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Posts Tagged ‘Alaska’

Through unknown circumstances and perhaps some odd twist of six degrees of separation, I’m on a hate-e-mail list of people opposed to the Iditarod sled dog race held annually in Alaska – and of sled dog racing in general.

Members of this hate group have sent me, and more than 100 other people on “the list,” approximately 300 e-mails in the past two weeks asking me to stop sponsoring and/or supporting the Iditarod.

For the record, I assure everyone publicly I’ve never made a financial contribution to the Iditarod or any of its participants. Although the event sounds like a fun one – and, if pushed, I may have to go to Alaska just to watch. Perhaps this hate-group could send me cash for airfare and hotel accommodations so I can travel 2,000 miles to witness first hand the sled dog racing atrocities and the bottomless pit of suffering the dogs are put through, which I allegedly support.

It’s also important to note that I’ve never even made a positive comment to a sled dog race team owner. Not so much as a pat on the back or a hearty, “Well done” have slipped from my lips to anyone who harnesses dogs to a sled and commences mushing. That’s not because I have anything against the Iditarod. Afterall all, I’ve never even watched the race on TV, let alone EVEN MET a musher or his/her mushees.

Notably, there’s a storied history of sled dogs and how the phenomena started as well as its popularity today. I’m not going to provide the link here, however, because in doing so someone in the hate group might view it as supporting the activity, which I don’t – although I’m leaning more toward that side of the fence after reading up on the hobby.

I will, however, post the form letter I’ve received via e-mail some 300-plus times (see below).  It’s ironic, isn’t it, that those professing my sponsorship and abuse of sled dogs are abusing my e-mail address to convey a point in which I’ve now sided with their very opposition (almost)…to a point (because I have not, nor plan to make a financial contribution or send a shout out to any sled dog owner).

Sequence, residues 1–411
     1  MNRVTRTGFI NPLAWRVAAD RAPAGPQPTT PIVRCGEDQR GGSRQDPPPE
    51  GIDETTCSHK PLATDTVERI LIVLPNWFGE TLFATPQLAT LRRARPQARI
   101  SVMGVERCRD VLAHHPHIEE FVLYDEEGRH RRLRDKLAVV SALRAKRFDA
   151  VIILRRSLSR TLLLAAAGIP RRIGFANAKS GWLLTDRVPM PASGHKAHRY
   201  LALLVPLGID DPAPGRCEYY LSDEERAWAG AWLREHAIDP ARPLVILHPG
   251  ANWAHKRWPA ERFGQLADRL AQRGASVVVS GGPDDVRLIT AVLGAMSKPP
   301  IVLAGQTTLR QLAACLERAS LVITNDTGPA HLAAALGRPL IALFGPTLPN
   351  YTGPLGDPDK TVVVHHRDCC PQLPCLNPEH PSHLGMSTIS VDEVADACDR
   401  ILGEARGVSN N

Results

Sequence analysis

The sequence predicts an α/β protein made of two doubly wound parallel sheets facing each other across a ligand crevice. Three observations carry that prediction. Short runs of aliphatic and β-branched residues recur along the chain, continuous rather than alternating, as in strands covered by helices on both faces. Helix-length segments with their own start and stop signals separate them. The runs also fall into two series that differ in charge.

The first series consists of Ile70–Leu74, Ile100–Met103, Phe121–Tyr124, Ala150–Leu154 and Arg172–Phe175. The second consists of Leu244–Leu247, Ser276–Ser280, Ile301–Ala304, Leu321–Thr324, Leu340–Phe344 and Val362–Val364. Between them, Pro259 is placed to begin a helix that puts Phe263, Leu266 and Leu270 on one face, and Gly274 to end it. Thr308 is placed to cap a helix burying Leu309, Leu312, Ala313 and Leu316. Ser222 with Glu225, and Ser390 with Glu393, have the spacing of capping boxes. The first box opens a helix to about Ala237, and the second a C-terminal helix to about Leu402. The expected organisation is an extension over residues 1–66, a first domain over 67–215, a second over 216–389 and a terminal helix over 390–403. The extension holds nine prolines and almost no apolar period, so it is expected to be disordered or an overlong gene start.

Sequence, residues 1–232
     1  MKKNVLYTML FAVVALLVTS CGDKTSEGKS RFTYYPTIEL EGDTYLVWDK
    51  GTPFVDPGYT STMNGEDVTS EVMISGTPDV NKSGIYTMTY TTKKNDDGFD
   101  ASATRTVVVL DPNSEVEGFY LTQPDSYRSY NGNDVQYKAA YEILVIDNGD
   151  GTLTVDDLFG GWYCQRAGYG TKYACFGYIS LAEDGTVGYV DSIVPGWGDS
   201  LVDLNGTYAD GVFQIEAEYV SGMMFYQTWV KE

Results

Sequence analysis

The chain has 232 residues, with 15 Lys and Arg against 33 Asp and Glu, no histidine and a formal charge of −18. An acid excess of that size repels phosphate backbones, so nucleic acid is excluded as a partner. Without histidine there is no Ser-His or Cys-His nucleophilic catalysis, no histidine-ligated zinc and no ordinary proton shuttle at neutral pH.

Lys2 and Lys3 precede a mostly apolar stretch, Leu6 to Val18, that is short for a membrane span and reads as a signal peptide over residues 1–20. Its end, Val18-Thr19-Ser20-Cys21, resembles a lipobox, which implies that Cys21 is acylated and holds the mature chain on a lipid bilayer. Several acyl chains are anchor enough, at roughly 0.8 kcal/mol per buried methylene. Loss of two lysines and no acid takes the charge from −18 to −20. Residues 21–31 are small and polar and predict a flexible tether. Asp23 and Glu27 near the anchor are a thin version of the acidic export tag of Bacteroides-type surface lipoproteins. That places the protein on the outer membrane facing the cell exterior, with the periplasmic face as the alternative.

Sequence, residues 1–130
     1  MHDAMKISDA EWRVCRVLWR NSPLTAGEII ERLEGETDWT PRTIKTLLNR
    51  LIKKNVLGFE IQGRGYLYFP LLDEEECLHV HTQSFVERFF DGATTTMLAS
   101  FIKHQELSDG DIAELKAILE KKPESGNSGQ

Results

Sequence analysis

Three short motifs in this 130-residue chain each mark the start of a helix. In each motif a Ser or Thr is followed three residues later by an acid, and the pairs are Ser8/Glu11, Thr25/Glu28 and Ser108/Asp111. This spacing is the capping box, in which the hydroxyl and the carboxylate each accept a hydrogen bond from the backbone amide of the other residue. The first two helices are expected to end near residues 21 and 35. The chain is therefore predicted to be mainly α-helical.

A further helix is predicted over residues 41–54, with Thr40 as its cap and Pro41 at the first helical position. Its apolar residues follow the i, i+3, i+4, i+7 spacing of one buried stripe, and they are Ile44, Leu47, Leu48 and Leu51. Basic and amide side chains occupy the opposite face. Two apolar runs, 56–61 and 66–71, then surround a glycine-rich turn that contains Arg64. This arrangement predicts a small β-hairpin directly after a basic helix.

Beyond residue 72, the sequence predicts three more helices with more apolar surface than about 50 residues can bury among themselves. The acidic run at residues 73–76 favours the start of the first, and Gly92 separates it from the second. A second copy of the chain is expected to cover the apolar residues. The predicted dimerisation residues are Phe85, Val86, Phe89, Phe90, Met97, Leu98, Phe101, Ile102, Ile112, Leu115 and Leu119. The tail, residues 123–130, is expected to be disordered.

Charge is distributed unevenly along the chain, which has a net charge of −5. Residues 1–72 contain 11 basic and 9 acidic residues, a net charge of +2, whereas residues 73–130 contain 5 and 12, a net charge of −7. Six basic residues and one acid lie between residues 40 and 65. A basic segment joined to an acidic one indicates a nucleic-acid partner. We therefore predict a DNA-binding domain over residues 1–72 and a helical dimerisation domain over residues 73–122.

I might pet a dog though, once they’re done with their work day.

What’s more ironic to me is that within the United States, 1 in 50 children are homeless every day. Let’s not even think about how many of these children didn’t eat a meal last night or didn’t get a goodnight kiss from their mom or dad, because mom and/or dad work two jobs and still must decide whether to pay rent or buy groceries. And let’s not factor in the clear and present danger that exists when these children go to school each day, unable to learn at their full capacity because they are running on empty, wearing clothes found in the garbage and getting short-shrifted by teachers who view them as lost causes.

Yeah, instead, let’s put our money and interests on the abused sled dogs of America because, as we all know, dogs should receive far better treatment than do our own children. Dogs deserve to be placed on the doggie pedestal and revered from afar. Kids are resilient. They’ll bounce back from adversity. Dogs, though, they deserve much, much more.

Note from hate-group e-mailer (N. Pennington in Seattle, WA). Pennington has no idea who I am or why she is e-mailing me. Moreover, she has no proof that I’ve supported sled dog racing or the Iditarod.